What, then, would have been the advantages of being a single proto-eukaryotic cell rather than a mixed colony of bacteria?

2.1. Stable composition

If the success of a mixed, mutualistic, synergistic, and/or symbiotic colony depends on a particular composition in terms of different prokaryotic species, this success is imperilled if the constituent bacteria are independently dispersed or if one species is subject to environmental stresses that another is not. Hence there would have been an advantage for symbiotic colonies of bacteria to integrate their functions into non-dissociable forms.

2.2. Energy efficiency

Distributing functions among discrete prokaryotic species in a mixed colony requires that shared resources or regulatory messages diffuse between cells. Such diffusion is susceptible to loss or weakening of resource or message; interference from poisons or environmental noise; and hijacking and use by non-mutualist and non-symbiont species (e.g. parasites and pathogens). Integration of symbiont functions within a single cell provides much higher efficiency of function and less energy to obtain the same outcomes.

2.3. Increased mobility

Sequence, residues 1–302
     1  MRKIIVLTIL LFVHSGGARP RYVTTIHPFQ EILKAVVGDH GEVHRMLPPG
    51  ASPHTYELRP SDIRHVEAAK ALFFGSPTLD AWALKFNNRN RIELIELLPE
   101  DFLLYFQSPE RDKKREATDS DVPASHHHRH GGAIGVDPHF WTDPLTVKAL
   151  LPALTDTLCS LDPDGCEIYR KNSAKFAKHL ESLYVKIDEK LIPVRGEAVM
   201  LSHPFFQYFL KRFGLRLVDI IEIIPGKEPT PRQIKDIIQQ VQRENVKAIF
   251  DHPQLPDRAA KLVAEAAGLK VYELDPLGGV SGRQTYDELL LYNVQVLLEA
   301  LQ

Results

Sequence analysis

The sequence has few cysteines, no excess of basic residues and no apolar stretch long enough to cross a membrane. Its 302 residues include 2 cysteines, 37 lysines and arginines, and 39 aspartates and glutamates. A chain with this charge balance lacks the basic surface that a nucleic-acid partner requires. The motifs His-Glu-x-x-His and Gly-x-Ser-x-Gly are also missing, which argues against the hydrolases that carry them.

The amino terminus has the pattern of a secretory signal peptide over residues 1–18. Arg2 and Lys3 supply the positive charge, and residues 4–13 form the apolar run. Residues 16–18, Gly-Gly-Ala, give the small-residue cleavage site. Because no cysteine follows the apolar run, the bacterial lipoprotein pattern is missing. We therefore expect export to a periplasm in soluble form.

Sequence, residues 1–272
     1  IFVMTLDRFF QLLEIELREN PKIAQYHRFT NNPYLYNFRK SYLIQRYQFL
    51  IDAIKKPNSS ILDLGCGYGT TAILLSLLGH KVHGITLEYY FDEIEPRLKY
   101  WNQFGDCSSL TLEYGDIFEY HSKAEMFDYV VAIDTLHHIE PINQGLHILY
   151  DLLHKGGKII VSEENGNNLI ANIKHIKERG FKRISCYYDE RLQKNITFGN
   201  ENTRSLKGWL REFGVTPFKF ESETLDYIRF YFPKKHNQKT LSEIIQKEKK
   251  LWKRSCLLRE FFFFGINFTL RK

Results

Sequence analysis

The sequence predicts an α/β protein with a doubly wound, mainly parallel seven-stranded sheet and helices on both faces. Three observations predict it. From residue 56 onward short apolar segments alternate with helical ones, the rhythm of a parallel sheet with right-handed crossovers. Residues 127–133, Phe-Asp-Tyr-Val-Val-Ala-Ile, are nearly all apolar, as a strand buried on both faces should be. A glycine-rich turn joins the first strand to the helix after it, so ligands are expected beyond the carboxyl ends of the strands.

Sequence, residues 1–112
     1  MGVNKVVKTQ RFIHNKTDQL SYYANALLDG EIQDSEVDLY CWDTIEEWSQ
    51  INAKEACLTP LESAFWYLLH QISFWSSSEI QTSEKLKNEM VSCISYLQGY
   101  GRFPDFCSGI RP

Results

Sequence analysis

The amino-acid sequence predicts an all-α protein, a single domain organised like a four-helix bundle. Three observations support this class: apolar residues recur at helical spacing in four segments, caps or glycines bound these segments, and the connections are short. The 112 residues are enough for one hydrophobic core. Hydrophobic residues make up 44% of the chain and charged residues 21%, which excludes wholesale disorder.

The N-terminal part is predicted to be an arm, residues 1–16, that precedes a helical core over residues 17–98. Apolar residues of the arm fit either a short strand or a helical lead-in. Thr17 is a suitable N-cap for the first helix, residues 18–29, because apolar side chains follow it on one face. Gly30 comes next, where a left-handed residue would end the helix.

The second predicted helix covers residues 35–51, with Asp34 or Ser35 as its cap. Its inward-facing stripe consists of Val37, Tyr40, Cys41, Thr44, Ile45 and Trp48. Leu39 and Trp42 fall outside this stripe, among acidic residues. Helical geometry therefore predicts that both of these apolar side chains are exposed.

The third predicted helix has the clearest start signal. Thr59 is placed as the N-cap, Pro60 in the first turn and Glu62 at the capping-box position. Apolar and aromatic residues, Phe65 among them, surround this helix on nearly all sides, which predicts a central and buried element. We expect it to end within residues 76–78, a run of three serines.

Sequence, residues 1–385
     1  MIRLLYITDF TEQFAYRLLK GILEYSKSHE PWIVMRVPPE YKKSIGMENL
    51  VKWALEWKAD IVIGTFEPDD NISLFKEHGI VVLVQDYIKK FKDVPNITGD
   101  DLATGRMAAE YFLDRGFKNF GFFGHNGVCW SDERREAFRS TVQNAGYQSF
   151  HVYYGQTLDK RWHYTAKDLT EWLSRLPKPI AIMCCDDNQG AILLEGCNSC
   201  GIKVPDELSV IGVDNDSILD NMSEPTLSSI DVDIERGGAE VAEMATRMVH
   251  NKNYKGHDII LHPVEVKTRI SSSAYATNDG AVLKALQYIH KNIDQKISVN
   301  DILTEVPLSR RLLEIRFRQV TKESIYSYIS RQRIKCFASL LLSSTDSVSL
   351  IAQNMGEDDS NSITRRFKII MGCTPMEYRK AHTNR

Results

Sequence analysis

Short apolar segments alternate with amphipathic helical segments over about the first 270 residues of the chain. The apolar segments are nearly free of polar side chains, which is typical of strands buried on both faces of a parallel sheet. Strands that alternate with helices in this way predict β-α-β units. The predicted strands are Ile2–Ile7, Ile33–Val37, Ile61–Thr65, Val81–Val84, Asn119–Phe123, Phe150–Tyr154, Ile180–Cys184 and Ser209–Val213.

Bacteria move in liquids via a wide variety of mechanisms including chemotaxis, passive diffusion and growth (i.e. spreading through replication). Even though bacterial chemotaxis is very effective, heterogeneity is ever-present. First, there is heterogeneity even within the same species. In a homogeneous environment, steady state tumbling frequencies and adaptation times vary in genetically identical bacteria [18]. Moreover, bacteria change their environment chemically and physically. When E. coli migrated from one end of a capillary tube towards galactose, the population formed two bands with the first band consuming all the oxygen to oxidize some of the galactose and the second band using the residual galactose anaerobically [19]. Hydrodynamic disturbances caused by bacteria proximity were found to increase with increasing cell density, leading to an increase in the diffusion coefficient [20]. Second, even if the movements of millions of individual bacteria of in a single species in some conditions were to be collective, in other species and in other conditions, these movements may be uncoordinated. Clearly, the movements of multiple symbiotic species will be even more susceptible to randomness. The movements can be slow, wasteful (trails of bacteria left behind) and difficult in 3D in liquid. This problem becomes multiplied exponentially if multiple species of mutualistic or symbiotic prokaryotes need to move or grow synchronously and in tandem, but diffuse randomly. Integrating multiple species of prokaryotes into a single eukaryotic cell takes care of the diffusion problem, but creates a movement problem of its own – namely how is this cell to move, especially given its increased size and therefore hydrodynamic drag? So larger, integrated cells required the evolution of movement structures, and in particular, the fusion of the bacterial cytoskeletal hyperstructures was needed to form the core of cilia and an actin cytoskeleton and hence provide motility and coordination of motility.